The shocking decision to pull the Batgirl movie from HBO Max’s release calendar has brought a lot of attention to the streaming service and its library. If the company would shelve a massive potential blockbuster (featuring Michael Keaton’s return as Batman after 30 years), what else might they be doing to cut corners and save money?

For one thing, it appears that they have quietly been taking down some of their bigger streaming premieres of recent months. As observed by various sources, several of HBO Max’s big exclusives are now no longer streaming. The titles include Superintelligence, a comedy starring Melissa McCarthy, the Covid heist movie Locked Down starring Chiwetel Ejiofor and Anne Hathaway, the romantic comedy Moonshot, the drama Charm City Kings, and the Seth Rogen time travel comedy An American Pickle. Plus, maybe the biggest movie of them all, Robert Zemeckis’ star-studded remake of The Witches with Anne Hathaway, Octavia Spencer, and Chris Rock. (Yep, HBO Max is down two Anne Hathaway movies.)

According to Variety, all six of the movies that have been removed from the library were previously branded as “Max Originals.” Other Max Original films, like On the Record and Class Action Park, are still available as of this writing.

While HBO Max adds and subtracts titles from its library every single month, there was no warning that these movies would be removed in the company’s monthly press release to journalists listing the upcoming movies coming and going on streaming. And it comes amidst the news that the new leadership at HBO Max’s parent company, Warner Bros. Discovery is cutting costs and canceling projects.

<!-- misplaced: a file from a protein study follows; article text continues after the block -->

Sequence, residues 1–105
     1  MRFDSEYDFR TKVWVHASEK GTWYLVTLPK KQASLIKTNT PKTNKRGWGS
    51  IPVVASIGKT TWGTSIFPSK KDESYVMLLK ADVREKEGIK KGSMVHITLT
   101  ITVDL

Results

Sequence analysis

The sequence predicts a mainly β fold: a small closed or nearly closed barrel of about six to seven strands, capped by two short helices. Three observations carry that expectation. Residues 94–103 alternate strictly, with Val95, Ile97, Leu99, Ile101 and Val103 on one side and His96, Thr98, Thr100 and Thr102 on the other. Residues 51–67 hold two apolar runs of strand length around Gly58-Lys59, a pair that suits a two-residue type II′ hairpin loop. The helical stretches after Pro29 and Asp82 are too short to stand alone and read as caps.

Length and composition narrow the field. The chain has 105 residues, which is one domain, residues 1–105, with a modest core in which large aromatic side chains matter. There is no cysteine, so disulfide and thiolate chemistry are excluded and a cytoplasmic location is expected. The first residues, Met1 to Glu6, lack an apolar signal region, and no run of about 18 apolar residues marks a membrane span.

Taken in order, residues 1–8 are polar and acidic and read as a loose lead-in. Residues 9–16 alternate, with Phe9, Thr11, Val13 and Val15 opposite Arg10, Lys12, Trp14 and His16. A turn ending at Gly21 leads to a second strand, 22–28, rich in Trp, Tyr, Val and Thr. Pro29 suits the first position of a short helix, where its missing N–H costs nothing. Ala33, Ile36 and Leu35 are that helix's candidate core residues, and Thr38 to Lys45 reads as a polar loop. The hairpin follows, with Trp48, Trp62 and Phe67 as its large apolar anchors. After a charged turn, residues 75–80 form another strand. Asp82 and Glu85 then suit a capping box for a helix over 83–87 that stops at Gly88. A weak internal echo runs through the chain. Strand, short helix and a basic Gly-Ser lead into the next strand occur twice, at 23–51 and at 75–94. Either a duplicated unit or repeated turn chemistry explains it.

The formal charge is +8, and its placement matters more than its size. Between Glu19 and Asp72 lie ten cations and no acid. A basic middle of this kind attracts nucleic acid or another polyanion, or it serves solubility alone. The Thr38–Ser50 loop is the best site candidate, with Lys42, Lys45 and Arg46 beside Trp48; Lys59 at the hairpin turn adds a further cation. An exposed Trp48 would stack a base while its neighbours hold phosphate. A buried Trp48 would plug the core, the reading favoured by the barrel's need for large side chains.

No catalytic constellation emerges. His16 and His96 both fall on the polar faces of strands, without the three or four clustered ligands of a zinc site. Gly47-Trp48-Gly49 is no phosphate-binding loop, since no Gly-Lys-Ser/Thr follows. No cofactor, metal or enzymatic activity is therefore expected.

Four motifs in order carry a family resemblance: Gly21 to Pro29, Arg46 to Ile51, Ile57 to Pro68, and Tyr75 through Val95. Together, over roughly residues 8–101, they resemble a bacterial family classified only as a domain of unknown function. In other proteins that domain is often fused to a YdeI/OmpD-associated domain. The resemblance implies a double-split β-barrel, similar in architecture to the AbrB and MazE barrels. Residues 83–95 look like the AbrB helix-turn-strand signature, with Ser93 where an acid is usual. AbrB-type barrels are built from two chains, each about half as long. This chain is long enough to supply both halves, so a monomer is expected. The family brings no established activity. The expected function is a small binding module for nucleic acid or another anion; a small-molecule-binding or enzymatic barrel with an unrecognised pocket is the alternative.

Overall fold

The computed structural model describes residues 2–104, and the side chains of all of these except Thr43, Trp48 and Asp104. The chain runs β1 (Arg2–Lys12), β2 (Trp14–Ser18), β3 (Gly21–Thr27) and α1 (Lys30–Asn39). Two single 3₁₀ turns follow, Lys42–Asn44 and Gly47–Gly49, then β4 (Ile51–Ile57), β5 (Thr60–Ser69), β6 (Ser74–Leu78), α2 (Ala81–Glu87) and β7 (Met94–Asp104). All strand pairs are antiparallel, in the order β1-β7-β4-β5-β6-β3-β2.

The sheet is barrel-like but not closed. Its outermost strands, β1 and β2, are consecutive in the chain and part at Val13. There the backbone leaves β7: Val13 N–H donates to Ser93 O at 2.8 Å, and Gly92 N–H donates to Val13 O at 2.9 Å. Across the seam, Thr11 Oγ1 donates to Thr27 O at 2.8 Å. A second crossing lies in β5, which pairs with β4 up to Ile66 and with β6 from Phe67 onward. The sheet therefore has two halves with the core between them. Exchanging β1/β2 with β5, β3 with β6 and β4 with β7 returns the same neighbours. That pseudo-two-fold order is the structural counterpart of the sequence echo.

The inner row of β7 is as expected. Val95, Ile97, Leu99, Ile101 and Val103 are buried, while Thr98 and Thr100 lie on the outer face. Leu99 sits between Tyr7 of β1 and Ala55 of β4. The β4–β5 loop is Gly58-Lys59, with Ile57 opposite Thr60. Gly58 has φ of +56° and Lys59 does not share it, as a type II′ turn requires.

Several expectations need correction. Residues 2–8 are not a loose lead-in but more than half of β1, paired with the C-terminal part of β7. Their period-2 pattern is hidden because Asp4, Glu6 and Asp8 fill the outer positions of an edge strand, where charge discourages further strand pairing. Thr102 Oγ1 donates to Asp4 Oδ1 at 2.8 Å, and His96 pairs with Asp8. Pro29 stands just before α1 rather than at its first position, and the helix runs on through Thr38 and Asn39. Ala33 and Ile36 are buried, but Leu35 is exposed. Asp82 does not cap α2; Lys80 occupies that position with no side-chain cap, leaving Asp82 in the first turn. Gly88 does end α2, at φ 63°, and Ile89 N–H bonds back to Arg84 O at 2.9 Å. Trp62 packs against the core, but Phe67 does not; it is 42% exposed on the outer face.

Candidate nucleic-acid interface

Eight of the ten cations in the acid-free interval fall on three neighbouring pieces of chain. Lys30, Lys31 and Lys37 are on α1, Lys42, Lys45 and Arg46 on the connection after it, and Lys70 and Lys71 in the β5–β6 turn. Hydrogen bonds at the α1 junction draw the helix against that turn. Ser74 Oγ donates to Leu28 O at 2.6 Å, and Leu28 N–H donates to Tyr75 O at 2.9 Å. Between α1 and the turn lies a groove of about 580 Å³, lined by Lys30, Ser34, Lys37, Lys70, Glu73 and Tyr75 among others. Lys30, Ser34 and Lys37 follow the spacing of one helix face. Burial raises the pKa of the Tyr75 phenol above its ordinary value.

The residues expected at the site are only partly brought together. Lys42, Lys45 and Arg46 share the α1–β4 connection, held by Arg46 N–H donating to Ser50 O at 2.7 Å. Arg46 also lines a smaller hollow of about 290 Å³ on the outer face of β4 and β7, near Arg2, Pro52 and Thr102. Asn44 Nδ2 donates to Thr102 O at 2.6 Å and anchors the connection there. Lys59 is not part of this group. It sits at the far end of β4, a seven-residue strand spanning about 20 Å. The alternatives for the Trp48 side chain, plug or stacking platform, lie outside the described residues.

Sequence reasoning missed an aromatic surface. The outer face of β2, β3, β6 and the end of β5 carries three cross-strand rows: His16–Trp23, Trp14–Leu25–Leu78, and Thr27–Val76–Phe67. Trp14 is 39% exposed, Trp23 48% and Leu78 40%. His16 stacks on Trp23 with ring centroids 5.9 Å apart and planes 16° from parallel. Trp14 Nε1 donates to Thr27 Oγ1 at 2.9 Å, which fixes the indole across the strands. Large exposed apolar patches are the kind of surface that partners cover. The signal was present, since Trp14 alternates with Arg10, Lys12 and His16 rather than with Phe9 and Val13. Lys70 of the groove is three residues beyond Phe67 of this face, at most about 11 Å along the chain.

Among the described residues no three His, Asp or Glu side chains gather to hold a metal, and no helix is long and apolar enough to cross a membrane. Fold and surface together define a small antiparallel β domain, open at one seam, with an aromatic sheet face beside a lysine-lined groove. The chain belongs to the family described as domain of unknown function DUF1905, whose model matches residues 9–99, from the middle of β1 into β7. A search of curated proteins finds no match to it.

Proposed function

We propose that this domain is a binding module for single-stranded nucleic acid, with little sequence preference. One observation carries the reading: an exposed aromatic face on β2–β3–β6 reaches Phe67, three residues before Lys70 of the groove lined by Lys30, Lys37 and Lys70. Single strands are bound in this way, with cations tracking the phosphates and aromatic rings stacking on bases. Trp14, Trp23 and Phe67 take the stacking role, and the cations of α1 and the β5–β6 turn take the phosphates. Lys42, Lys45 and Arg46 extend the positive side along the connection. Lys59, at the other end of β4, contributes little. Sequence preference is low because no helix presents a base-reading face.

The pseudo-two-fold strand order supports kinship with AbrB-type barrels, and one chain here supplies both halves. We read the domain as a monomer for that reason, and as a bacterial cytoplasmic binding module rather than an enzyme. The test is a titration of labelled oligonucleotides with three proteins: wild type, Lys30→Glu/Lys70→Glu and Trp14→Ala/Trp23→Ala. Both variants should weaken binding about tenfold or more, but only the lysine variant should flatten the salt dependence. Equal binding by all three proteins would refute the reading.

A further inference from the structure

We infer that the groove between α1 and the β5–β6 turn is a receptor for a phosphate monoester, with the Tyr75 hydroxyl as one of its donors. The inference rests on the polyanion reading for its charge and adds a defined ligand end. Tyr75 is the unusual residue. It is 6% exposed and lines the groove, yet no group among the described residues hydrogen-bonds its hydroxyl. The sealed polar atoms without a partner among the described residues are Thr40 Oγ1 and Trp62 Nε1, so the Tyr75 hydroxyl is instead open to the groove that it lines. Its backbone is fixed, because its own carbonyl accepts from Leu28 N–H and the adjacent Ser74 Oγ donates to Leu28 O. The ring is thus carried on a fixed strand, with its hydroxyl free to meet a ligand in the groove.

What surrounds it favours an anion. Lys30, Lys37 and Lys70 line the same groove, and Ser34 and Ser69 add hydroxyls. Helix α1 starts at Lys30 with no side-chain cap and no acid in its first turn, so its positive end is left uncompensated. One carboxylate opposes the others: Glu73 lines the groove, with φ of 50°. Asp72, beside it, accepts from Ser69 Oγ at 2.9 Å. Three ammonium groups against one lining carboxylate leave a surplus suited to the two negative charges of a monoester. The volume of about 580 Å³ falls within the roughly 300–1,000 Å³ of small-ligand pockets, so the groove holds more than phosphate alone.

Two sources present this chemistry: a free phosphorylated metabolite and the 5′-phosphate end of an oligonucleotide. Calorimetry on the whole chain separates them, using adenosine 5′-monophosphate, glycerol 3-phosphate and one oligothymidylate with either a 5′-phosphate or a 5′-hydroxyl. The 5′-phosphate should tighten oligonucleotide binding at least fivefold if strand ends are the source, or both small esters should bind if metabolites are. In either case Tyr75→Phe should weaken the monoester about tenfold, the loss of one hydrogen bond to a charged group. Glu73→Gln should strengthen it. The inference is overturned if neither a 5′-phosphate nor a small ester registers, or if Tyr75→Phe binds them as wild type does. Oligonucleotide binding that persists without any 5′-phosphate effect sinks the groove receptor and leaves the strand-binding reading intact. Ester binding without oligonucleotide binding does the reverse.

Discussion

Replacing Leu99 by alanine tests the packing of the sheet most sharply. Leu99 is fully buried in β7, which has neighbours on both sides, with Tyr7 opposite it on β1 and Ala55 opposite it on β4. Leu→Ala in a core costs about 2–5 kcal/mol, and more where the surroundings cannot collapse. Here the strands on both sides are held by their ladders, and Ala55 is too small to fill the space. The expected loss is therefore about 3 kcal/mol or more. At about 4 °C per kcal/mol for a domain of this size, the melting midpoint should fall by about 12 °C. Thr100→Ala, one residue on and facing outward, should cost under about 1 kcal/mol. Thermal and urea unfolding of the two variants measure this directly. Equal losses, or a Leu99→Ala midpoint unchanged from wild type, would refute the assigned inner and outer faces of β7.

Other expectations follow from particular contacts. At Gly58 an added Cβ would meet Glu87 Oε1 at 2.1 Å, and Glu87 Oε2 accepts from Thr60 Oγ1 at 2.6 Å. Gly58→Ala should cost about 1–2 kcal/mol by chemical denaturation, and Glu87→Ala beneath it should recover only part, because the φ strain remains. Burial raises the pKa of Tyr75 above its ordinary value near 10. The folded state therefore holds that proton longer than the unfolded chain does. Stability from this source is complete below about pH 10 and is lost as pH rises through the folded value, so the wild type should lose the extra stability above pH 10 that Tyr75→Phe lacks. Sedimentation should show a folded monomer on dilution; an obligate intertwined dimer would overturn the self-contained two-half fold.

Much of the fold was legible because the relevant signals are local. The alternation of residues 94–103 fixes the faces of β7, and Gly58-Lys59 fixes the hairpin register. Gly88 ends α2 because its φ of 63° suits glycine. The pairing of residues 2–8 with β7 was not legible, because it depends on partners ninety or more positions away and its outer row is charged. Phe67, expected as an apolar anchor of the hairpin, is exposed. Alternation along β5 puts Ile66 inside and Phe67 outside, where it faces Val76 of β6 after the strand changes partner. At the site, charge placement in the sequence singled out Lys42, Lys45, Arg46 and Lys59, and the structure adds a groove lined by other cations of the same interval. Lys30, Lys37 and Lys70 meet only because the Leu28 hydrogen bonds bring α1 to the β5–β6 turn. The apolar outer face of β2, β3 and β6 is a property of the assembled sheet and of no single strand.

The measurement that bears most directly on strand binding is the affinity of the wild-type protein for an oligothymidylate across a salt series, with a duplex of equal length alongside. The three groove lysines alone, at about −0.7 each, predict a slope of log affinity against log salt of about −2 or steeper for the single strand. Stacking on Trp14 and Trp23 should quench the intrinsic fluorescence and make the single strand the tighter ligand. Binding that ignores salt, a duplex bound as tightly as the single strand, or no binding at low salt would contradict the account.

While I’m not sure many people will miss these movies — we reviewed An American Pickle, which was fine, we did not review The Witches, which was pretty bad — it seems very surprising that a streaming service would pull down its own original titles, when those have been considered the primary way to boost subscriber numbers in recent years. Does this move point to a shift in the future of streaming services that might involve fewer original streaming movies? Or is this simply a case of the new bosses at a company undoing some of the decisions the previous bosses made, which tends to happen at a lot of businesses in a lot of fields?

In any event, if you want to watch any of these films, they are still available elsewhere — for rent or purchase.

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